Re: Git and tarballs
Wolodja Wentland <firstname.lastname@example.org> writes:
> I've recently started to work on some packages and am not sure if I
> follow best practices when packaging software from git repositories with
I do the following for OpenAFS (see the supporting scripts in the openafs
source package) based on work done by Sam Hartman for krb5, and I'm very
happy with it. I'm probably going to eventually adopt the same approach
for all other software with a Git upstream.
The key feature is that the import-upstream script imports the tarball
contents but commits it as a merge between the upstream tag and the local
upstream branch, which preserves all of upstream's commit history while
simultaneously including in the upstream branch any tarball-generated
files that aren't in Git. This isn't required for OpenAFS, but for some
other packages I want to use some of the files that are generated as part
of the upstream tarball release but aren't checked in.
(This is part of debian/README.source for the openafs package.)
Importing a New Upstream Release
We want to be able to use Git to cherry-pick fixes from upstream, but
we want to base the Debian packages on the upstream tarball releases.
We also need to strip some non-DFSG files from the upstream tarball
releases and imported code, and want to drop the WINNT directory to
save some space. This means we follow a slightly complicated method
for importing a new upstream release.
Follow the following procedure to import a new upstream release:
1. Update the package version in debian/changelog to match the new
upstream version. If the new upstream version is a release
candidate, don't forget to add "~" before "rc" so that the versions
will sort property.
2. Double-check the TAG setting in debian/rules to be sure it's going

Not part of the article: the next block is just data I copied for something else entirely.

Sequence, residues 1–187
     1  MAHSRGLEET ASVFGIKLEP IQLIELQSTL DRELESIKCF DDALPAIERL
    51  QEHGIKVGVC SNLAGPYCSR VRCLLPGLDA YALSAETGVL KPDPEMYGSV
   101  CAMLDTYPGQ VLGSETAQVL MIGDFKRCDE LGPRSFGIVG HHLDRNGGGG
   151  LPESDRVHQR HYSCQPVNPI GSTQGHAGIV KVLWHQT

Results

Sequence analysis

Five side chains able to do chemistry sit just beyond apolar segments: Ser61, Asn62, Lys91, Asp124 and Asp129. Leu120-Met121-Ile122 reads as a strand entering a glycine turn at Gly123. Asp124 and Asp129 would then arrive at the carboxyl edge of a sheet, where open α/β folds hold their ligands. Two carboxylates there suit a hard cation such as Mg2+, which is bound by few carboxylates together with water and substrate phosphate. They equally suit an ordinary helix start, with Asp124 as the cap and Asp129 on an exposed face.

to retrieve the correct Git tag.
3. Run debian/rules get-orig-source. This will generate a tarball
from the upstream Git tag using git archive, remove the WINNT
directory, and create a file named openafs_<version>.orig.tar.gz in
the current directory.
4. Ensure that you have the OpenAFS upstream Git repository available
as a remote in the Git repository where you're doing the packaging
work and it's up to date:
git remote add openafs git://git.openafs.org/openafs.git
git fetch openafs
This will be required to locate the tag for the new upstream
5. Determine the release tag corresponding to this tarball. At the
time of this writing, upstream uses tags in the form:
for stable and development releases respectively. <version> is the
version number with periods replaced by underscores. This
convention may change, so double-check with git tag.
6. Import the upstream source from the tarball with:
debian/import-upstream <tarball> <upstream-tag> <local-tag>
where <tarball> is the tarball created by get-orig-source above,
<upstream-tag> is the corresponding tag from the upstream Git
repository, and <local-tag> is of the form upstream/<version> where
<version> is the non-Debian portion of the package version number.
(In other words, including any tildes, but not the dash and the
7. Commit the tarball to the repository with pristine-tar, using the
new local tag as the reference:
pristine-tar commit <tarball> <local-tag>
8. Merge the new upstream source into the master branch:
git checkout master
git merge <local-tag>
where <local-tag> is the tag you used above. You can also just
merge with the upstream branch; either is equivalent.
9. Flesh out the changelog entry for the new version with a summary of
what changed in that release, and continue as normal with Debian
Pulling Upstream Changes
Upstream releases, particularly stable releases, are relatively
infrequent, so it's often desirable to pull upstream changes from the
stable branch into the Debian package. This should always be done
using git cherry-pick -x so that we can use git cherry to see which
changes on the stable branch have not been picked up.
The procedure is therefore:
1. Identify the hash of the commit that you want to pull up using git
log or other information.
2. git cherry-pick -x <hash>. If the cherry-pick fails and you have
to manually do a merge, follow the instructions to use -c to keep
the original commit message as a starting point, but *also*
manually add a line like:
(cherry picked from commit <hash>)
to the changelog entry where <hash> is the full hash of the
upstream commit. Note that the upstream commits on the stable
branch will generally already have a line like this from upstream's
cherry-pick. This will be a second line.
3. Add a changelog entry and commit it separately. Use the following
convention for changelog entries for cherry-picks:
* Apply upstream deltas:
- [<hash>] <title>
where <hash> is the first eight characters of the upstream commit
hash and <title> is the first line of the upstream commit message,
edited as necessary to keep the length of the changelog lines
Russ Allbery (email@example.com) <http://www.eyrie.org/~eagle/>